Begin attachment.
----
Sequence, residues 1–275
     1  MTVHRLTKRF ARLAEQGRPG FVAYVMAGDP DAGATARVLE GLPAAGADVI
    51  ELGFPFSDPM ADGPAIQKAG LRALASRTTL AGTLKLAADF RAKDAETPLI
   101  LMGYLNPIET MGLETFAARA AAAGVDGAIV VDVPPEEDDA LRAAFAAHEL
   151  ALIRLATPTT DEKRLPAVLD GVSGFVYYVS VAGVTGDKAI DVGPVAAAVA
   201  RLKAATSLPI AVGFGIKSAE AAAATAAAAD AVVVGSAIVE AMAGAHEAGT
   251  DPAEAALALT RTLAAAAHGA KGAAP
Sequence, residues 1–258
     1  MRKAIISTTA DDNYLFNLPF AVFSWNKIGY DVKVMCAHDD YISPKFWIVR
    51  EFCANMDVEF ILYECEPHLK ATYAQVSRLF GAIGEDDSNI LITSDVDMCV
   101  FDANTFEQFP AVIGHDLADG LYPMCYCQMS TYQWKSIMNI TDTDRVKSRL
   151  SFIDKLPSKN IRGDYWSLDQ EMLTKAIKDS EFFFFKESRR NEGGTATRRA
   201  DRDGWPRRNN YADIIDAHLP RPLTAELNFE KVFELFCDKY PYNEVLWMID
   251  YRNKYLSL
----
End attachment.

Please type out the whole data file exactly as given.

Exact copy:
Sequence, residues 1–275
     1  MTVHRLTKRF ARLAEQGRPG FVAYVMAGDP DAGATARVLE GLPAAGADVI
    51  ELGFPFSDPM ADGPAIQKAG LRALASRTTL AGTLKLAADF RAKDAETPLI
   101  LMGYLNPIET MGLETFAARA AAAGVDGAIV VDVPPEEDDA LRAAFAAHEL
   151  ALIRLATPTT DEKRLPAVLD GVSGFVYYVS VAGVTGDKAI DVGPVAAAVA
   201  RLKAATSLPI AVGFGIKSAE AAAATAAAAD AVVVGSAIVE AMAGAHEAGT
   251  DPAEAALALT RTLAAAAHGA KGAAP
Sequence, residues 1–258
     1  MRKAIISTTA DDNYLFNLPF AVFSWNKIGY DVKVMCAHDD YISPKFWIVR
    51  EFCANMDVEF ILYECEPHLK ATYAQVSRLF GAIGEDDSNI LITSDVDMCV
   101  FDANTFEQFP AVIGHDLADG LYPMCYCQMS TYQWKSIMNI TDTDRVKSRL
   151  SFIDKLPSKN IRGDYWSLDQ EMLTKAIKDS EFFFFKESRR NEGGTATRRA
   201  DRDGWPRRNN YADIIDAHLP RPLTAELNFE KVFELFCDKY PYNEVLWMID
   251  YRNKYLSL